Work on the PDCe started in 2018. At the time, the company received a $40 million grant from the state of Minnesota for job expansion, Laura Stengrim, Digi-Key’s public relations and marketing communications manager, previously told the Herald, noting the company is well on the way to fulfilling that goal. It so far has added nearly 680 new employees.

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Holmer said the city recognized several years ago that Digi-Key’s expansion effort was both a business decision and something that would benefit the community. But, he said, it took him at least a week to understand how big the facility would be.

“Our city decided to roll up our sleeves and help make this expansion happen, to make it a reality for our community,” he said. “We felt this investment by Digi-Key would help solidify their position in Thief River Falls and bring many years of growth and economic development to our community.”

A ceremonial package handoff to its carrier partners, guest and media tours, and a press conference followed the luncheon.

The new building is connected by skybridge to the main headquarters and existing distribution center, which is about 800,000 square feet — dwarfed by the new building that is large enough to fit 22 football fields inside. It is one of the 10 largest warehouse buildings in North America.

The facility has 27 miles of automated conveyor, with the average order traveling more than 3,200 feet inside the building.

The new facility allows Digi-Key to pick, pack and ship nearly three times the previous daily average of 27,000 packages to customers in more than 180 countries around the world.

Founded in 1972, Digi-Key offers more than 13.4 million products from more than 2,300 quality name-brand manufacturers. The company employs more than 5,200 — 3,600-plus in Thief River Falls alone — and has an annual sales of more than $4.7 billion.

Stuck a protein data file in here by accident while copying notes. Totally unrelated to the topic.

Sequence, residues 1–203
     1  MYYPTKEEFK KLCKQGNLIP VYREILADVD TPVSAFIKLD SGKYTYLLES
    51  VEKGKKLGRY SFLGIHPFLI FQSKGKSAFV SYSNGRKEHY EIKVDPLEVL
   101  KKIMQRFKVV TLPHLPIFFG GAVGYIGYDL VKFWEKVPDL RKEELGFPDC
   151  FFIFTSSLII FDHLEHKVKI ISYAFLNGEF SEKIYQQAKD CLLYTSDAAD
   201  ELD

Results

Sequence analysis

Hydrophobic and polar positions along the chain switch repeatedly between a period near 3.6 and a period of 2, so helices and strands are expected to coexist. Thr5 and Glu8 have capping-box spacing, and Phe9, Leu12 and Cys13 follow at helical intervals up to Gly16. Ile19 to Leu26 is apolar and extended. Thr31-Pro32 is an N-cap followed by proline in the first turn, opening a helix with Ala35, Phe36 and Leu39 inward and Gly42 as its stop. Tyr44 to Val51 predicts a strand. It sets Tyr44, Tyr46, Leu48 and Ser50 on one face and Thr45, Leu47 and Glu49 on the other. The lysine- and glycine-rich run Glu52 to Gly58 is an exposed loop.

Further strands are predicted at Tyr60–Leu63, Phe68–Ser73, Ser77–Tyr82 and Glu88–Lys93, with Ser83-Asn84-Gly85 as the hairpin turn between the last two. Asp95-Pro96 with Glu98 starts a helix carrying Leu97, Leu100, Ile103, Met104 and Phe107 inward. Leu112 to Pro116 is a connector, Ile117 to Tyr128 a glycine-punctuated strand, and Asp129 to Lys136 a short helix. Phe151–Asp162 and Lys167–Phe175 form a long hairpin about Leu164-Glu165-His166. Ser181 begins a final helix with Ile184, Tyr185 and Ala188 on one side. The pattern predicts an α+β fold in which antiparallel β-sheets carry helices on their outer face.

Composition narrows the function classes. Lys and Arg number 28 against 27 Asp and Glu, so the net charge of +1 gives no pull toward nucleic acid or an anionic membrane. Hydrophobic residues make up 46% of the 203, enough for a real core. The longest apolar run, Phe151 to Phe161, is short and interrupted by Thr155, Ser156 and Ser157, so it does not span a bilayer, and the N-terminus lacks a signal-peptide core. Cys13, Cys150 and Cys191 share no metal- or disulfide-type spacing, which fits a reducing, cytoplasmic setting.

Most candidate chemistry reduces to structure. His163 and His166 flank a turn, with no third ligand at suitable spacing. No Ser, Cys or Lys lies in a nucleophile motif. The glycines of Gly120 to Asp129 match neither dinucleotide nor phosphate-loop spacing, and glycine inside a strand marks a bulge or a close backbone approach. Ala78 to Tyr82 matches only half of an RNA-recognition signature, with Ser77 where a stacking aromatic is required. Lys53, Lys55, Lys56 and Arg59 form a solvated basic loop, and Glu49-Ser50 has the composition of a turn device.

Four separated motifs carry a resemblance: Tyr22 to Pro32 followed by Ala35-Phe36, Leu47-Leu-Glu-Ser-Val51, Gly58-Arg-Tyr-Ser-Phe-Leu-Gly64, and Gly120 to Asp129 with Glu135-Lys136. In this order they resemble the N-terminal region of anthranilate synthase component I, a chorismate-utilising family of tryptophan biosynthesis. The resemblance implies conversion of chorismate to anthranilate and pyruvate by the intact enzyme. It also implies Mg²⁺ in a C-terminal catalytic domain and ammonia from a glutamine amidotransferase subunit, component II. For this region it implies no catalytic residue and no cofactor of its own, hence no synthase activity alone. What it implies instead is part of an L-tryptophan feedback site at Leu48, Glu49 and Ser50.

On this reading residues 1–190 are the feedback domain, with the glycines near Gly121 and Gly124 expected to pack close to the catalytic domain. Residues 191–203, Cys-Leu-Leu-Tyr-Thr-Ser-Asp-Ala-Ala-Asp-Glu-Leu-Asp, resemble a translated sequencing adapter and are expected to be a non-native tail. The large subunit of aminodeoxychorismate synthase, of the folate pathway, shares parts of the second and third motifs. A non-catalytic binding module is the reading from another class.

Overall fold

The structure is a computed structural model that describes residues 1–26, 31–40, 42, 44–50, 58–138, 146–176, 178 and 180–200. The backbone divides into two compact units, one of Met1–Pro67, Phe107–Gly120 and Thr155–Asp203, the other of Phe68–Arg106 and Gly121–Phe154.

Designed by Minnesota-based Widseth, McShane Construction served as general contractor and more than 80 subcontractors were hired to help complete the expansion.

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The company received a certificate of occupancy in April 2021, but has been going slow with the new facility’s launch. It still is not full-scale even now, Doherty told the Herald. The company is taking it slow to make sure all of the technology is online and running smoothly.

The PDCe is a hallmark of the company and a brightspot for the community and the state of Minnsota, according to Grove, calling it “tremendous” and “outstanding” — not only Digi-Key, but the community that has supported it.

“This is a self-starter community. This also proves that people can live anywhere” — even in a rural community like Thief River Falls, population just under 9,000 by 20202 census estimates — “and still have a good job.

“I think that is something where Minnesota can differentiate itself.”

Andrew Weeks is an award-winning journalist who has reported for a number of newspapers and magazines. He currently is the editor of Prairie Business, the premier business magazine of the northern plains. The magazine covers various industries and business topics in the Dakotas and western Minnesota.